It’s all coming together now. We had a lovely afternoon with Anne on Saturday and came home with a sewing machine and a load of firewood. On Sunday, as promised we went to the boat show at Crick.
After talking to as many serious looking solar salesmen as we could stomach, we sat down with our sandwiches and ruthlessly slashed through the realms of glossy paper we had somehow failed to avoid. In the end it wasn’t that difficult. Of all the solar companies at the show (and there were lots) only two actually took notice of our careful calculations and made any attempt to match our use. We went back to the one we felt happiest about and, pretty much in line with our original ideas, bought a pair of 80watt panels and a 20amp controller. We also got a pure sine-wave inverter, which means we can now watch DVDs on the laptop. We spent the rest of the afternoon collecting paint colour charts and then listened to a woman from Canal and River Rescue giving a lecture on Narrowboat Maintenance, which was very informative, but seemed to be all about what can go wrong with a modern, water-cooled, electronically controlled engine. At one stage she asked her audience if any of them knew where their manual engine stop was; Dave put his hand up and told her he didn’t have any other sort.
Jon, Jenny and Adam came to visit on Sunday evening, Jon has made this for us.
On Bank Holiday Monday, despite the drizzle, we decided we’d been at Cosgrove for quite long enough; we put the bikes on the back, pulled the pins and set off on the six mile lock-free section to Stoke Bruerne. The weather forecast had promised us it would clear up in the afternoon, but even pausing for an elongated lunch didn’t stop us getting thoroughly soaked. Ironically, at about 7pm it cleared up and it was a beautiful evening.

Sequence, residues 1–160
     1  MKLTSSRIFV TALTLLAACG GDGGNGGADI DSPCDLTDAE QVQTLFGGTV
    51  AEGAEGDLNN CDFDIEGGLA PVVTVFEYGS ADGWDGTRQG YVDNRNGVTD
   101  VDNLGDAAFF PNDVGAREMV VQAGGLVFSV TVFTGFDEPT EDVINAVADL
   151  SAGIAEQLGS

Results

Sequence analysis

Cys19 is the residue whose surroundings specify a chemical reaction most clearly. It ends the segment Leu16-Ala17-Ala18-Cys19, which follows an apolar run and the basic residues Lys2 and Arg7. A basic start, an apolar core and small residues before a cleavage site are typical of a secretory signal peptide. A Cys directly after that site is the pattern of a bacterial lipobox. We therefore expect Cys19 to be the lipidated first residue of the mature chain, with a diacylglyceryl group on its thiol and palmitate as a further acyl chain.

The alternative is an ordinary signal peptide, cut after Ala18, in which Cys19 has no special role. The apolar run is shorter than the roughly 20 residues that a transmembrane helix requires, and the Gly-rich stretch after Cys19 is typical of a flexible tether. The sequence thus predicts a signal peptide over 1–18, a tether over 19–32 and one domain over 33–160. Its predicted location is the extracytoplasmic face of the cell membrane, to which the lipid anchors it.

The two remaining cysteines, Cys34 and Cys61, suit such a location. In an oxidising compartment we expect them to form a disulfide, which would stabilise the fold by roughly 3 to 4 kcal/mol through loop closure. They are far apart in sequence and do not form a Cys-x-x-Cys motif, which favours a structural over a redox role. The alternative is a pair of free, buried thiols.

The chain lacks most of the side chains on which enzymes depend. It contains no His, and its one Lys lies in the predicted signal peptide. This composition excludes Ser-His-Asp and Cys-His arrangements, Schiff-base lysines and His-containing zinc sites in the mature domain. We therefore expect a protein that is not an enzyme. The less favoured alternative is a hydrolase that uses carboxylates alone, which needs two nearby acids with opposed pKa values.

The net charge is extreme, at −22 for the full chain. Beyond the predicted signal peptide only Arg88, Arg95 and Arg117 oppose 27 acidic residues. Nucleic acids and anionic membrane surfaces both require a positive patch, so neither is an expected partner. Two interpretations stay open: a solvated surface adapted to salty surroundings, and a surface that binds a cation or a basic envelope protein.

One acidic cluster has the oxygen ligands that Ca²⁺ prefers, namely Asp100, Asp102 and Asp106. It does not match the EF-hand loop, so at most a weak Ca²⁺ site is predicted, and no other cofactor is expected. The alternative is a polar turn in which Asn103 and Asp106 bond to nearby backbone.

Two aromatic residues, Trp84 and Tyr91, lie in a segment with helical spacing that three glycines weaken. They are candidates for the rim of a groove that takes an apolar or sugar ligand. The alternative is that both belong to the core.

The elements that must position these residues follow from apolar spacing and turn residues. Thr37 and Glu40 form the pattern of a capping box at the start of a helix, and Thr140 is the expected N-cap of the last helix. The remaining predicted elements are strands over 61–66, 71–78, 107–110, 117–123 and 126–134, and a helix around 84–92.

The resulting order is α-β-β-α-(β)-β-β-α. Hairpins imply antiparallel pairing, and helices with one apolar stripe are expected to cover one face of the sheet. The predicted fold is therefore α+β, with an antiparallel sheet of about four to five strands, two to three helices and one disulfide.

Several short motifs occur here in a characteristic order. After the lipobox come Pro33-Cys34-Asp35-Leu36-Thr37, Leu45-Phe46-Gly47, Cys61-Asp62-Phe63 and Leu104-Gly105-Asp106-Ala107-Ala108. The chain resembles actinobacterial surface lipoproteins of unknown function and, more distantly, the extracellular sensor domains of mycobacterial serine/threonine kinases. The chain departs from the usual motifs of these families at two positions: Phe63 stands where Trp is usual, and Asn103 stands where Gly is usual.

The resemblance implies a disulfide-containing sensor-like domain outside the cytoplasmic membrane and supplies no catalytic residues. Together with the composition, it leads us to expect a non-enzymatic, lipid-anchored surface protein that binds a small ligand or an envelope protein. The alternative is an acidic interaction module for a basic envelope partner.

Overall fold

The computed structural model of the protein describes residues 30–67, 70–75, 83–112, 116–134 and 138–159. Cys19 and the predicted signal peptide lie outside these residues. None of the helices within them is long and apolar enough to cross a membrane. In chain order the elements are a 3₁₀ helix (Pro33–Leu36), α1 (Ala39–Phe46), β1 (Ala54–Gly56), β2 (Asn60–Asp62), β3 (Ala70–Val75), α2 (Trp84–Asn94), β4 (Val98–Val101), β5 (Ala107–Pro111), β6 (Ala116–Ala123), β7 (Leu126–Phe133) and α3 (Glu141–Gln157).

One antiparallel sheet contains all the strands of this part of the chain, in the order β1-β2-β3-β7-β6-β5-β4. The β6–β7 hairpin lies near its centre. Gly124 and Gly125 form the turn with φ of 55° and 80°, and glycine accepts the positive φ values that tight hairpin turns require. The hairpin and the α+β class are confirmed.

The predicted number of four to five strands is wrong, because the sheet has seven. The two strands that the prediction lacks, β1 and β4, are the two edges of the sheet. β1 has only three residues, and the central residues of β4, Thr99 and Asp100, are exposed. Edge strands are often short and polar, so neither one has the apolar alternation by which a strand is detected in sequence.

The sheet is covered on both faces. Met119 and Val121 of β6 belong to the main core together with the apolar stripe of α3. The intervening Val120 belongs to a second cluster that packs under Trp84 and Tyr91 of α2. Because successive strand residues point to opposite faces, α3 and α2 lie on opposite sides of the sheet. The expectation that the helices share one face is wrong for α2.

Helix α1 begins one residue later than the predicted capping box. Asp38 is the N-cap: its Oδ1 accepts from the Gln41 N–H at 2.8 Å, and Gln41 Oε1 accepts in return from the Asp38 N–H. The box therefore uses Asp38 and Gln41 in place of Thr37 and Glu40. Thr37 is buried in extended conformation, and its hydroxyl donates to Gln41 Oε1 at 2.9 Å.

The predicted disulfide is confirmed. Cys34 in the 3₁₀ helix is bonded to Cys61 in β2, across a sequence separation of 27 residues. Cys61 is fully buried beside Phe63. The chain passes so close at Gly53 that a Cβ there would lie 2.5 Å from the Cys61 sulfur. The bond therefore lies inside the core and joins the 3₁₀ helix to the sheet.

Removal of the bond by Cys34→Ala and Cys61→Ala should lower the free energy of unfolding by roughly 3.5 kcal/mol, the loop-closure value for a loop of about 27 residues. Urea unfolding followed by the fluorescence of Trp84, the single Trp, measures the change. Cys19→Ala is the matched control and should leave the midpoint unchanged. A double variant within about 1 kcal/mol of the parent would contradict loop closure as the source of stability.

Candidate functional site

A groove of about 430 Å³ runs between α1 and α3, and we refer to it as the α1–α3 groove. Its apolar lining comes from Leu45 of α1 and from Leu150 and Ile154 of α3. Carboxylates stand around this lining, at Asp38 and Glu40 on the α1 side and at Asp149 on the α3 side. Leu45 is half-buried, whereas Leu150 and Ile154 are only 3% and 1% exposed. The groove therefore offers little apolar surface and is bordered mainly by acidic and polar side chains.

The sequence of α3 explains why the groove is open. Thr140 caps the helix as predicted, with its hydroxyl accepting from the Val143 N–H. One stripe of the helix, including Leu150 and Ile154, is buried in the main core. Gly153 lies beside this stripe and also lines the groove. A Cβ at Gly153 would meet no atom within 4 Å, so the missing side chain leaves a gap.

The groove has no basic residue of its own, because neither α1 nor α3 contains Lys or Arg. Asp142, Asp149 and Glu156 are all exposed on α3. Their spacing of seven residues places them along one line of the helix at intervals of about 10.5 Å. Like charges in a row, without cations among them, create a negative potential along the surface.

Tuesday dawned bright and sunny, so Dave set to work fitting the new panels. There is a good argument for having them loose on the roof – that way you can tilt them towards the sun. There is also a good argument for bolting them down – they might not be facing directly into the sun but they will still be there. After spending over £500 quid on them we opted for option 2.
Wiring the panels and the controller up was simplicity itself. The blue boxes are taking over the engine room a bit, but as far as power supply and management is concerned that’s about it.
It came as something of a surprise to find we’d gone through a bottle of gas in 2 ½ weeks. A quick dose of soapy water over the pipework in the front gas locker told us why. The easiest way to get to the leaky pipe was to climb down the hole.
Six weeks of living aboard and we still have lists, but they’re not getting any longer.
Warning. This blog post is not our usual jolly jaunt along the waterways. It’s about two days when it all went wrong. It did all turn out...
We'll be back up in a few weeks, but at the moment we have a family crisis which is taking all our spare time. Thank you for your patie...
Stay Safe. Stay at Home. All in all, while we were at Wallingford the river broke the banks 5 times, but eventually, as we knew they ...
It’s now half way through February, and poor old Legend is still tied to the mooring cleats at the lovely - but fast becoming far too famili...